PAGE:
Pledged: The Secret Life of Sororities – Alexandra Robbins (2005)

Trying to be a little more focused on reading from the TBR, I pulled off this title which, interestingly, was another reread for me*, and covers one year in the life of four composite college women who had pledged to be in one of the bigger sororities at a fairly typical American university.

I work on a university campus for my real job and I am usually surrounded by 36,000 undergraduates, a large group of whom are firmly entrenched in the Greek system of sororities and fraternities. My personal experience of these social groups is limited, at best, but I was still curious about how life might be for those who choose (and then are chosen!) to enter into this different world.

Additionally, Rush is just in the process of happening this week and so quite a few of the students who have arrived already are here for that process. Being a curious cat (with only having vague memories of the early read), I dove in.

Robbins has the chops of a serious journalist (with the pubs to prove it in her background), and her titles tend to be that of the immersive journalism where she actually takes part in whatever she is writing about – the “I did this for a year and here is what happened” type of writing.  

Robbins took this project on when she was still young enough to pass for a sorority girl/college student and so this book is from the POV of an anthropology/ sociology approach. However, it’s not academic by any means (despite its topic) but to be fair, doesn’t really claim otherwise. Her embedded approach meant that she was able to experience some of the sorority world without any filters and this gave a useful veneer of authenticity to the work.

For this project, Robbins trails a small group of four students who were selected for one particular sorority (again a composite identity) so it’s got quite an addictive “fly on the wall” feel about it, but the book has a few patches when it veers away from the journalist POV and into (pretty annoying) assumptions about what happened: “she must have felt x at this point” and making up pieces of imagined dialogue about various situations.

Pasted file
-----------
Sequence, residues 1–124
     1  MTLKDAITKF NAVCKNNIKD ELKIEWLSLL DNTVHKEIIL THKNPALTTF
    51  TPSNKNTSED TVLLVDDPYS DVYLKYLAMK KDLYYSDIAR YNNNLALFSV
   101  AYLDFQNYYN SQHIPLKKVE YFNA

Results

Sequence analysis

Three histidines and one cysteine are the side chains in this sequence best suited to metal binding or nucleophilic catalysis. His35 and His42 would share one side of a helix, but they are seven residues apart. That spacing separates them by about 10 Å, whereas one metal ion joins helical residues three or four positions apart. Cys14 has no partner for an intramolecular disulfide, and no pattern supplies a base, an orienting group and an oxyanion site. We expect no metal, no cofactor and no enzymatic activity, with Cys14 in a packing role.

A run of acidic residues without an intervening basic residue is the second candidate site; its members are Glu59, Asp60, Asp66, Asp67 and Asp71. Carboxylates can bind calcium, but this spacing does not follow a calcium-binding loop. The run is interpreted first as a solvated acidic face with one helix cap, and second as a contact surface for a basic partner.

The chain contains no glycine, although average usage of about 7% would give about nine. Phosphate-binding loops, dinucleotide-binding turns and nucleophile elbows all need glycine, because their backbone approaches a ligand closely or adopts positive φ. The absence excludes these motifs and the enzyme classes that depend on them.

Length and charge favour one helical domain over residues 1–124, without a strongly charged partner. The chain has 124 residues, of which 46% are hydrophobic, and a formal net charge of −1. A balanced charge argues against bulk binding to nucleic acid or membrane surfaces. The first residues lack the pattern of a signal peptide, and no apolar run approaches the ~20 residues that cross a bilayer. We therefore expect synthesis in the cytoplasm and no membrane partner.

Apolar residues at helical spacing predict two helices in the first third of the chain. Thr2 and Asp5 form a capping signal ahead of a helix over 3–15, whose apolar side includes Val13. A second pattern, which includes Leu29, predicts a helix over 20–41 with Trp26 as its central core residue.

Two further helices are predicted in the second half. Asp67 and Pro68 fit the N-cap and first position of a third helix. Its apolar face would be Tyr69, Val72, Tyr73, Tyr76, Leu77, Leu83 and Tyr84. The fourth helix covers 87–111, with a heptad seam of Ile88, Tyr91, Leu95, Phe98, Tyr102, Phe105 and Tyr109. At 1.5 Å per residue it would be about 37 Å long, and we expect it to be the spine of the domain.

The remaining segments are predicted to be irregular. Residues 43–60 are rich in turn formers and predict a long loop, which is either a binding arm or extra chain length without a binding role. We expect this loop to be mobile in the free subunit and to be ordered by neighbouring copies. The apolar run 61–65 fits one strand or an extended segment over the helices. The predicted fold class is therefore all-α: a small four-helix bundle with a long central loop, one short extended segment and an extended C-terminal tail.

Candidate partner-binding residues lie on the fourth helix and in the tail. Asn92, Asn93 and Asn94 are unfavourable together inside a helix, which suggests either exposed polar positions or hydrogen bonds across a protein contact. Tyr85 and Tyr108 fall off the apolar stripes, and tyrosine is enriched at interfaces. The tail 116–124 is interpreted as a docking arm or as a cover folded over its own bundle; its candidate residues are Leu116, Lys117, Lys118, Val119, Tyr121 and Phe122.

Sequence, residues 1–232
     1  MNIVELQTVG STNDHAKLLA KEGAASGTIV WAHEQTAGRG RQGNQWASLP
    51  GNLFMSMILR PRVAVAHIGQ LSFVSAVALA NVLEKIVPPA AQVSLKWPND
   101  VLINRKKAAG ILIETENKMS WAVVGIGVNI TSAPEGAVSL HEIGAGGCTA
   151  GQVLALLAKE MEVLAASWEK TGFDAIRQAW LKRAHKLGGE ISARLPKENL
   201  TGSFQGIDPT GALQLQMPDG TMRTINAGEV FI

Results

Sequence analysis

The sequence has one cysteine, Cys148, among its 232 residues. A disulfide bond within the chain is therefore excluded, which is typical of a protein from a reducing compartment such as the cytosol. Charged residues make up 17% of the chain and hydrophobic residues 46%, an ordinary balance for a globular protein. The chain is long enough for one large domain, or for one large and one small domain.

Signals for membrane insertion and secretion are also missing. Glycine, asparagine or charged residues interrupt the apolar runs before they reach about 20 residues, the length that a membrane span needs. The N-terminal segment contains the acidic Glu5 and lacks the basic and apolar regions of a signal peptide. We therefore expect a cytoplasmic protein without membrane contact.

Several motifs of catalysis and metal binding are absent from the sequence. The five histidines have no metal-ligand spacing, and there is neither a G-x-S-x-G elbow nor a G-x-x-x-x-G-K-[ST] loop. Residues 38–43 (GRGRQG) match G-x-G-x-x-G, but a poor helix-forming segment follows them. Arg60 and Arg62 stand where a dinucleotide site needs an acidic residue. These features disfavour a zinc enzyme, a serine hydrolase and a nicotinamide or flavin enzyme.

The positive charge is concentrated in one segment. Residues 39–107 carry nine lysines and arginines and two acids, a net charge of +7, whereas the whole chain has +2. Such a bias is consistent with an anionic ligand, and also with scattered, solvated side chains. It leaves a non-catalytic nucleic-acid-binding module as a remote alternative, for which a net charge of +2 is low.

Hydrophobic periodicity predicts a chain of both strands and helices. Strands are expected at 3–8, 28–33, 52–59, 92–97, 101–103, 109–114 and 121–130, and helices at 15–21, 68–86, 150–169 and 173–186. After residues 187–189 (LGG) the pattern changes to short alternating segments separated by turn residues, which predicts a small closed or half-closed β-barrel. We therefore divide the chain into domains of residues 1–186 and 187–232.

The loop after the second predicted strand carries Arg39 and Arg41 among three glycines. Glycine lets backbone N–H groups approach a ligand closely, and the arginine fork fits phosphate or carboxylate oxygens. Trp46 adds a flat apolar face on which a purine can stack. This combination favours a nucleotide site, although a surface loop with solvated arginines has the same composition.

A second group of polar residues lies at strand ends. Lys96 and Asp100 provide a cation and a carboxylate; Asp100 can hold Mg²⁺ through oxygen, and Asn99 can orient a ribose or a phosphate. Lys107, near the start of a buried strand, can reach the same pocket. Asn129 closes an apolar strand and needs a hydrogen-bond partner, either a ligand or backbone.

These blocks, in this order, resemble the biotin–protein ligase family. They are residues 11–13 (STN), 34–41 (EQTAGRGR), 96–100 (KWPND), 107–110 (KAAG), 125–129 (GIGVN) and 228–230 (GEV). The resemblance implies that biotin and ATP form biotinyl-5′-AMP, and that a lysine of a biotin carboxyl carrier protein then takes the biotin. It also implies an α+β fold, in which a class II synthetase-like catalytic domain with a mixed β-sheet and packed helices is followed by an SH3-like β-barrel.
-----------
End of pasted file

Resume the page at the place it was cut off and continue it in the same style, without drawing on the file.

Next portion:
Technically speaking, she’s a good writer, and she has sifted through what must have been a lot of material to put this volume together to end up with an enjoyable read, but the areas where Robbins assumes actions/motivations for the individuals in the story were a little annoying, so I’m wondering why she started to write in that fashion.

Curiously, this writing approach (where she assumed that her subjects were feeling this or that) doesn’t crop up until the last third of the book when it’s Spring Break in the college calendar, so perhaps Robbins was faced with writing fatigue. (I can only imagine what’s it like to spend a year with a sorority when you’re older than their general membership. I would expect nerves were more-than-fraying at this point of the year after that amount of close proximity.)

By the end of the book, Robbins draws some general conclusions about the sorority experience overall, mostly negative and in opposition to what the sorority national orgs claim, but she had wisely kept her opinions out of her writing before this epilogue.

I know that sororities and fraternities are a big tradition across college campuses throughout the U.S. (especially here in Texas), but I could never understand their appeal – not when I was an actual undergrad on campus and not now. They seem to be anachronistic on the campuses of today, and yet every semester, I know that quite a few of my students are either in that selection process or in charge of that for someone else.

It’s definitely not something that I was ever drawn to and I have my doubts about how useful the system is in the modern age for our newest graduates, but it’s a critical part of the college experience for some students (and for their parents). This was an interesting read and now I’m curious to find out a little more about they operate on our campus. (I’m particularly curious about how segregated the groups are…) :-}

  • It might only be interesting to me, but I’m not typically a big rereader. I think I was a little brain-dead from teaching summer school and wanted to find a fairly guaranteed good and non-complicated end-of-summer read.

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